And appeals have always been incredibly annoying to government, especially the senior civil servants who form the state’s long-term core - subverting its intentions, extending rights in unforeseen ways, finding technical errors in its carefully crafted legislation. This is not to idealise appeal tribunals which operate, in general, within the same system of class prejudices, bureaucratic obstructions and casual callousness as any other arm of the state. Their ‘independence’ has its limits. But it is different when people are heard in person, even across a big table or a court well, more difficult to sanction an injustice. Within their limits, legislative and ideological, tribunals can be relatively independent. And if they take a long time, they can also examine individual cases so much the more thoroughly.

Unsurprising therefore that this government wants to stop people appealing. Their ultimate weapon - deployed successfully in Employment Tribunals since July 2013 - is to charge people for access to justice. And proposals to charge for benefit appeals were indeed leaked in February. But this is for the future. They will not attempt to introduce charging this side of an election because they are already taking action to obstruct appeals - mandatory reconsideration.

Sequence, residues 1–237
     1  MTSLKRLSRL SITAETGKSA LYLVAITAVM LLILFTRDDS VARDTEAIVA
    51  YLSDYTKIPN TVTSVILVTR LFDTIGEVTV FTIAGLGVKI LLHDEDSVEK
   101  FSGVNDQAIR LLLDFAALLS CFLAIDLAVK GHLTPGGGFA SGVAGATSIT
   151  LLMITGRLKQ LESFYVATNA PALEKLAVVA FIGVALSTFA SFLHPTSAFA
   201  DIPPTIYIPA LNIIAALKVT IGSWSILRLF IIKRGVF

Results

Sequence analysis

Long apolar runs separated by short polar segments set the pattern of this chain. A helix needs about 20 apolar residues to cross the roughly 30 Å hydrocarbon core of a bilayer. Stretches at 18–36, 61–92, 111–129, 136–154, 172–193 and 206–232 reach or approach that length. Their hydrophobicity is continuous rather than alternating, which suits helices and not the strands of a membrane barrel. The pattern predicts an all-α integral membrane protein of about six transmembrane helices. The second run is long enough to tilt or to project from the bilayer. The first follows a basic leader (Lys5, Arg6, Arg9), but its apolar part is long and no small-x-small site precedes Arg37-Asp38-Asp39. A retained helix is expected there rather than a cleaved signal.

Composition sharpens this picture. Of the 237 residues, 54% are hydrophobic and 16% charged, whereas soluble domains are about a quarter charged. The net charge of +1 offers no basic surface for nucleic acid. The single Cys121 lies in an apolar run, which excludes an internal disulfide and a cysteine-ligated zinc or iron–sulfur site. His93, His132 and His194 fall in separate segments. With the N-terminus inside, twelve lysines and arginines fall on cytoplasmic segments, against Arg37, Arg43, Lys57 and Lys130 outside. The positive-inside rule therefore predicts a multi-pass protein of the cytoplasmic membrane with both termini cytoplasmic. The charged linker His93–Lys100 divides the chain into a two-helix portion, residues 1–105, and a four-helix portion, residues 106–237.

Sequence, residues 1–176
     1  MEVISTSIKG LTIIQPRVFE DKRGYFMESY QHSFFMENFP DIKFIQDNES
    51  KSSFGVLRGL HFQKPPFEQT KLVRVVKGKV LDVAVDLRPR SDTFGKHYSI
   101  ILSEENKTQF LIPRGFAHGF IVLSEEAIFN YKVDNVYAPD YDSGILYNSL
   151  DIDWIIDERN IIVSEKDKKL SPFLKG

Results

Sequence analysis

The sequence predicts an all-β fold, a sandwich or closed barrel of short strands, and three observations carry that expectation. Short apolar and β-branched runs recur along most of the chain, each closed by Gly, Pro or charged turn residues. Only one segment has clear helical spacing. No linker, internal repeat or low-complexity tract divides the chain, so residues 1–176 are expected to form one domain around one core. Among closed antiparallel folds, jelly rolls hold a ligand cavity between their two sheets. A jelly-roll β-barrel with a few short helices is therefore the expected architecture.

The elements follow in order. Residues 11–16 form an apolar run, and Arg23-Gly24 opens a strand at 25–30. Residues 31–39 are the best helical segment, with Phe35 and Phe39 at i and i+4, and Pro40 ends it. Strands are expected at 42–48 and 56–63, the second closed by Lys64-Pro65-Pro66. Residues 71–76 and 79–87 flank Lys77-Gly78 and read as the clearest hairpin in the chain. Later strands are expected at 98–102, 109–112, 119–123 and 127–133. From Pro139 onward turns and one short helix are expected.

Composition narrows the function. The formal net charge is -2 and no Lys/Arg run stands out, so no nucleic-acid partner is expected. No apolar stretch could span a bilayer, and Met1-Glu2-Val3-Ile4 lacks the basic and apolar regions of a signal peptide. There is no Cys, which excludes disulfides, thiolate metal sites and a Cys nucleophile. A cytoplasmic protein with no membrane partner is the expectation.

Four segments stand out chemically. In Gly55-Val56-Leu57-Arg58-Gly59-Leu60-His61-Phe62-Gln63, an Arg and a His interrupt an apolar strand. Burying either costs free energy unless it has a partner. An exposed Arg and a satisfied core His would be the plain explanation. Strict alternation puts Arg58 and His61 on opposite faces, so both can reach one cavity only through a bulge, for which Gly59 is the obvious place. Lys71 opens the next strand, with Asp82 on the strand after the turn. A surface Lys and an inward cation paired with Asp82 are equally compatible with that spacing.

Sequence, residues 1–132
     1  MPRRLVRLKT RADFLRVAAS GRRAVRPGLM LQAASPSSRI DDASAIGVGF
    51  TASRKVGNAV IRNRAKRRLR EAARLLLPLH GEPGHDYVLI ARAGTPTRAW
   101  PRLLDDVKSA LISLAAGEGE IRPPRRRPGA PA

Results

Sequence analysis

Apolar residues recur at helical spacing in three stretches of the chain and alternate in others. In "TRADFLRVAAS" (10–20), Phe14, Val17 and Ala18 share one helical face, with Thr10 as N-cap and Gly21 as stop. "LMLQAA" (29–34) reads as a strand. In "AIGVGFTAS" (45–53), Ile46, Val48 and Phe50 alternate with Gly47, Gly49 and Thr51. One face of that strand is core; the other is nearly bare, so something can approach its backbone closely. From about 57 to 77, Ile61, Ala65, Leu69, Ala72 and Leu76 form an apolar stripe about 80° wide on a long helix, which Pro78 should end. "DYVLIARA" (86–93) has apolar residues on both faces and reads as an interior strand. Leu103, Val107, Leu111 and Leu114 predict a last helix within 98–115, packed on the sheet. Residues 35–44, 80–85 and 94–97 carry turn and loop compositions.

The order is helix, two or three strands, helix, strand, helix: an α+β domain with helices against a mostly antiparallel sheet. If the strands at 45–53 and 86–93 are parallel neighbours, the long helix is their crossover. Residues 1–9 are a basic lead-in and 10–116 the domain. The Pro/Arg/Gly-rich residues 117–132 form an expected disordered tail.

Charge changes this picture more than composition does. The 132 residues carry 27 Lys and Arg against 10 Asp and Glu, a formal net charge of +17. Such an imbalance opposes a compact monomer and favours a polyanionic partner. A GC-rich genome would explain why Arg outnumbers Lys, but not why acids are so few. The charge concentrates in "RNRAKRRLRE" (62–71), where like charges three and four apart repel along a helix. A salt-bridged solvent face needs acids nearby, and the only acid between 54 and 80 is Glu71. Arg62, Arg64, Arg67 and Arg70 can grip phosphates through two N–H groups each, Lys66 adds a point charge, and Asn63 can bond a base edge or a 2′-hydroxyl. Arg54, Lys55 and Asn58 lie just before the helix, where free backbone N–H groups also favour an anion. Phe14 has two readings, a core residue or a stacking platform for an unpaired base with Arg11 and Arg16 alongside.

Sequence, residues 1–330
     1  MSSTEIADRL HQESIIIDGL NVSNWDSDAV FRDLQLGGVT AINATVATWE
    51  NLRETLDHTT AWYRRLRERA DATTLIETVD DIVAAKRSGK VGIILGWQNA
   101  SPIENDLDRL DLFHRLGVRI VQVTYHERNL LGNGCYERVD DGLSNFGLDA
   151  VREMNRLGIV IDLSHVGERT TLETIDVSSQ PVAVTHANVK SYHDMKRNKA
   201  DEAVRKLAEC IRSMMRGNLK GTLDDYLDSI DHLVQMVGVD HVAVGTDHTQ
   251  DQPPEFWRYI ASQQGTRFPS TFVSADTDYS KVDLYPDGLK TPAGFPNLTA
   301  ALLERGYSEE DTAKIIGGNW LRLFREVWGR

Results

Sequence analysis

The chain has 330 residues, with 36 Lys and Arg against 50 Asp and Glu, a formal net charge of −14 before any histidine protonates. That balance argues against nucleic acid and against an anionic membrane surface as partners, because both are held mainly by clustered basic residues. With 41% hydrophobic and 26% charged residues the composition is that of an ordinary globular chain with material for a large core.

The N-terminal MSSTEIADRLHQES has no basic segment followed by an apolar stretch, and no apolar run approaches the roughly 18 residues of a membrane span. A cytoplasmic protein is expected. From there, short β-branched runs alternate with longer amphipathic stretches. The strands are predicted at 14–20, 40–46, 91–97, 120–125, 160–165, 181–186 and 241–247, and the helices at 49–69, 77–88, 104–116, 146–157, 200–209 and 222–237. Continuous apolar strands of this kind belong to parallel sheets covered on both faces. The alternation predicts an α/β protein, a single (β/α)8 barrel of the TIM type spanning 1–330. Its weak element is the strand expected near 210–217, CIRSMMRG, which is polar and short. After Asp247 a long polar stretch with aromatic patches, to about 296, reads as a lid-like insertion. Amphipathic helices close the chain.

Mandatory reconsideration means, briefly, that before you can appeal to a tribunal against any benefit decision (except tax credit and housing benefit decisions) you must go through the generally futile process of asking the DWP to think again. And during that process, it is becoming clear, no opportunity will be missed to deter you from actually appealing. The difference between an appeal to an independent tribunal and asking the same office to reconsider is systematically blurred so that people think the reconsideration is the appeal proper. You are telephoned so that it can be explained to you how manifestly right the decision is and how hopeless would be any challenge. And if you are claiming Employment Support Allowance you will not be paid while a reconsideration is proceeding, as you are while appealing.